November 28, 2015

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03/13/06 Radio's Spiral Dive

My father, an experienced private pilot, lived to share this story: “The snow was spinning and it was visually impossible to tell if we were flying level, going up or down. I looked at the instruments and realized we were in a spiral dive headed for the ground. I fought the controls with all my strength, but I could not pull the plane out of the dive. Knowing I was about to slam into the ground and die, I flashed back to something an instructor had told me many years before. Let go of the controls and the plane will correct itself and pull out of the dive.”

Moments later, the plane stopped spinning and broke out of the clouds, and my father was able to pull the plane up just before hitting the ground.

Imagine the radio equalivent of a spiral dive. The pilot is tugging hard at the controls. Time is running out, yet the pilot continues to cling to his or her outmoded solutions, believing they will prevail before disaster strikes. The instruments say that stock and confidence are at an all-time low. The people at the control tower see the plane heading for the ground, but they have confidence when the pilot reassures them he can pull it out. They believe him. But how long will it be before the plane hits the ground and breaks into a million little pieces?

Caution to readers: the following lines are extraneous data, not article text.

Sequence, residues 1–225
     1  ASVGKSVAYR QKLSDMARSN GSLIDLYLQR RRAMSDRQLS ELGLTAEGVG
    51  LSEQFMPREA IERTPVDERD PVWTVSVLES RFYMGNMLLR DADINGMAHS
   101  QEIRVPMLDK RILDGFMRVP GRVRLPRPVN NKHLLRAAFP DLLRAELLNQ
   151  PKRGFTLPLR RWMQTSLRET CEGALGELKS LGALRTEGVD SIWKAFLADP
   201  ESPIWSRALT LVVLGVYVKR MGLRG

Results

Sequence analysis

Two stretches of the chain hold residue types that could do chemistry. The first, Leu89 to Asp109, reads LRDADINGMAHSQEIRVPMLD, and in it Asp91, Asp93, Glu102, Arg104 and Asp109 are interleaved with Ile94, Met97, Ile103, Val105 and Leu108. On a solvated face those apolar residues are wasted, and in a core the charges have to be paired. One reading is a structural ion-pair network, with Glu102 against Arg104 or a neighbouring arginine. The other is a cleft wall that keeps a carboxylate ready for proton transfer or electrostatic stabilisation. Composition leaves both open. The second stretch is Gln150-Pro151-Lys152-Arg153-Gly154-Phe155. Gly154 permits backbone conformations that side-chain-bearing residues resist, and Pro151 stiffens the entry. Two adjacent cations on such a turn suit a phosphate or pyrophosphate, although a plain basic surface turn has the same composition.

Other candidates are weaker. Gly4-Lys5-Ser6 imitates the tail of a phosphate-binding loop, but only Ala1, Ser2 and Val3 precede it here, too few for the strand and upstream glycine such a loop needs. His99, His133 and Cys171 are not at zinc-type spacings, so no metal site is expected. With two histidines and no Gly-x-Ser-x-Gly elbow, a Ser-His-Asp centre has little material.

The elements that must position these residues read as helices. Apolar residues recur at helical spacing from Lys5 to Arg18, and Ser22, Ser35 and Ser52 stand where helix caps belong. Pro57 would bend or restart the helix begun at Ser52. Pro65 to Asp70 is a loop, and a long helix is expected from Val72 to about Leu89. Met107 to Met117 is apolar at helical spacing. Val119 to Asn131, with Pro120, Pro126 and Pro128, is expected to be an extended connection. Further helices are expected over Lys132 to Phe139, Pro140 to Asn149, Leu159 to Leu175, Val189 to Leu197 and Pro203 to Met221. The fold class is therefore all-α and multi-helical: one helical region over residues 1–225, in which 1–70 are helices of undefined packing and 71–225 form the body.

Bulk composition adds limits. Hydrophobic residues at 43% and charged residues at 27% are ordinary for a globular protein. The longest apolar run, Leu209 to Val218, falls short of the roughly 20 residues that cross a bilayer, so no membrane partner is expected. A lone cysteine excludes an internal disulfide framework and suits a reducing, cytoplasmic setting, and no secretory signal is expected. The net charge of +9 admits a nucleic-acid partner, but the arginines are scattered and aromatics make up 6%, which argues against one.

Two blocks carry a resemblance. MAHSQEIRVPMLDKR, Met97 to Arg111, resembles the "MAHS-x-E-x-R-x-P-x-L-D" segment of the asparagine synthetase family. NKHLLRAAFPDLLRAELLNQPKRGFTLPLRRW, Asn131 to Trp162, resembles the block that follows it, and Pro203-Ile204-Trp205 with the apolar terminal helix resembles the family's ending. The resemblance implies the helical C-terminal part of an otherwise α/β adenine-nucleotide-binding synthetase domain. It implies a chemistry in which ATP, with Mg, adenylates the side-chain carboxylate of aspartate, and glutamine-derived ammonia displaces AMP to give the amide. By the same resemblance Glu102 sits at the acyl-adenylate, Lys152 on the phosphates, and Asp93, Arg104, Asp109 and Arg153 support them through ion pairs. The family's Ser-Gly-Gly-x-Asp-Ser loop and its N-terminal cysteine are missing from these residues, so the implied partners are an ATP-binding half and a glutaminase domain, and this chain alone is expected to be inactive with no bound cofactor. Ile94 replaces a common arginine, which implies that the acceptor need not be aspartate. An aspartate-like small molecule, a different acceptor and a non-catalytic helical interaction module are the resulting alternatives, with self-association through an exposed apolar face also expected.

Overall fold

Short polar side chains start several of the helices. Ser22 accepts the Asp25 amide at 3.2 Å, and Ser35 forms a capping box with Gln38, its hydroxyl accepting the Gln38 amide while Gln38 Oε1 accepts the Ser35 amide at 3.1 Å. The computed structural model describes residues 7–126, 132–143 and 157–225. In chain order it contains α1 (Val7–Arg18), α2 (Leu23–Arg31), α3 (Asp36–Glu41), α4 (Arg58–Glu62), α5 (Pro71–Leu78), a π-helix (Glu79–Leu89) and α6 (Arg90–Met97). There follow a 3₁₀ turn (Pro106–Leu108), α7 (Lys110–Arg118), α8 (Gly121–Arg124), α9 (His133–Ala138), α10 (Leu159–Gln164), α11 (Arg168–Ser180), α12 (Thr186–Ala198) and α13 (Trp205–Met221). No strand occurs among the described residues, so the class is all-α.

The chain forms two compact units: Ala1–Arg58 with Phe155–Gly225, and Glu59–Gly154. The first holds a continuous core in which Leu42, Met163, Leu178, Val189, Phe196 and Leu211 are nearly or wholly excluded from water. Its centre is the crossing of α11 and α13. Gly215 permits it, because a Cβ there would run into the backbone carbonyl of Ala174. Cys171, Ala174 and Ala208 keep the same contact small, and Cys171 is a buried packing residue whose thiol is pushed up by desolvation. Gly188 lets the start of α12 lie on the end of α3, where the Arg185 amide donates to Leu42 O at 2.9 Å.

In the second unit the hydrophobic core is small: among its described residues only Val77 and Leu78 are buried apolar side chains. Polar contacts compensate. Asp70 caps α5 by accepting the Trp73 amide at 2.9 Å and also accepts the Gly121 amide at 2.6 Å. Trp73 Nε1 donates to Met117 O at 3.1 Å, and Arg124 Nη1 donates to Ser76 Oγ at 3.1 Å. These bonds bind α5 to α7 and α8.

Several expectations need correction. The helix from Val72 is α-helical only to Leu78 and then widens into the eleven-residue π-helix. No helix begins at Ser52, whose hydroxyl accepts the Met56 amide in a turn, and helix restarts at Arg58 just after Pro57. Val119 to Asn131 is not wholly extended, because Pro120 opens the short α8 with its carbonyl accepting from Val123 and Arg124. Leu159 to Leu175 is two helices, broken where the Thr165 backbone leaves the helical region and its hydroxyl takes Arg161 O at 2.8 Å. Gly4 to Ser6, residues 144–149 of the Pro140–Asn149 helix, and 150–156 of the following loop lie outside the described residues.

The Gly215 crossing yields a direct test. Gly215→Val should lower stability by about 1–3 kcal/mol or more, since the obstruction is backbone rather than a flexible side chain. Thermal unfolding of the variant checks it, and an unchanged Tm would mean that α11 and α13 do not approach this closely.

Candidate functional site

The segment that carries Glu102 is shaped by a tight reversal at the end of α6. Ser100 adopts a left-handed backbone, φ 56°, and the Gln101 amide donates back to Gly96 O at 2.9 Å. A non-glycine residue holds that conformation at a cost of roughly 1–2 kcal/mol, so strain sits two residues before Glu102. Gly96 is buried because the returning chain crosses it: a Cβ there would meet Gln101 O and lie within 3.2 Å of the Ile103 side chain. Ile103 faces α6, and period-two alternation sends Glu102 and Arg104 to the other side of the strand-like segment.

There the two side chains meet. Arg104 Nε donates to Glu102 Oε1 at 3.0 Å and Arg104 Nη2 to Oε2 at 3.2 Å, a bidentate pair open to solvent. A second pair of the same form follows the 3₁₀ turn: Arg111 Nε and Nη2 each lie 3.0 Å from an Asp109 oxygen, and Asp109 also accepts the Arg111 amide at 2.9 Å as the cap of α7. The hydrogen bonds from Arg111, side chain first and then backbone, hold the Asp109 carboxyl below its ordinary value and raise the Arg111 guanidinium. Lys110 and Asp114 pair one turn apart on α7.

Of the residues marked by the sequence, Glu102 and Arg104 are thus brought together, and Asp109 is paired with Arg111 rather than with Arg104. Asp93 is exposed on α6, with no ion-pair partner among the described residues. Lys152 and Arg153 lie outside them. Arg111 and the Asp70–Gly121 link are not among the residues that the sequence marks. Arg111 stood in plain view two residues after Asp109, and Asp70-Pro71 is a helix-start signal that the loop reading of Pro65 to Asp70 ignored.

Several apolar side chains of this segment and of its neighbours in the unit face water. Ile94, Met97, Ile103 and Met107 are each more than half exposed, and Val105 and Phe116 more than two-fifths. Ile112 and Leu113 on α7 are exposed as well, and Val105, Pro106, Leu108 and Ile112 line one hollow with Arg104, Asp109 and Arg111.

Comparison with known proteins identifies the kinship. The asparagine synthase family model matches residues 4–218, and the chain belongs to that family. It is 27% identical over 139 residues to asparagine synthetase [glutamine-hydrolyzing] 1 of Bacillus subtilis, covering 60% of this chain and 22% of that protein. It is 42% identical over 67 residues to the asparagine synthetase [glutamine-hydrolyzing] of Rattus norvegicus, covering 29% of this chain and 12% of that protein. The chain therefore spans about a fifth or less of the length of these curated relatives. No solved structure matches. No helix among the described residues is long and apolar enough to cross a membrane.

In his book Millionaire Manager, management guru Curtis W. Symonds says the highest rate of failure is experienced by companies that over-control their operations. “They weren't running the business, it was running them,” says Symonds. “They were so busy counting the trees they couldn't see the forest.” Every day I hear from de-motivated radio managers who complain they are over-managed. Their workload is oppressive and their core strengths of running a radio station and generating revenue are being blocked by paperwork and politics. Sound familiar?

When insulated executives over-manage, ignore employee input, and fall in love with their own solutions without accurate feedback from the front lines, they are blindly flying in the snow and will eventually hit the ground with a BANG! Boardroom utopia keeps companies out of touch with their employees and customers. Schemes are invented to seduce Wall Street. Employees offer a better way, but they are not heard and soon give up hope.

When the reins are erratically being pulled left, then right, then back, a thoroughbred cannot keep his eye on the finish line. Turning radio thoroughbreds into micromanaged paperwork-pushers defeats their desire to win the race.

In flying school, I learned that arrogance is death for a pilot. The only way to pull an aircraft out of a spiral dive is to let go and allow the plane to correct itself. What works in aviation also works in corporations where nothing else has worked. Historically, corporations in trouble go back to the basics. They bring back the best people, listen to them, and empower them to do what they do best - and stay out of their way. It's the only way to prevent a spiral dive and soar to new heights.

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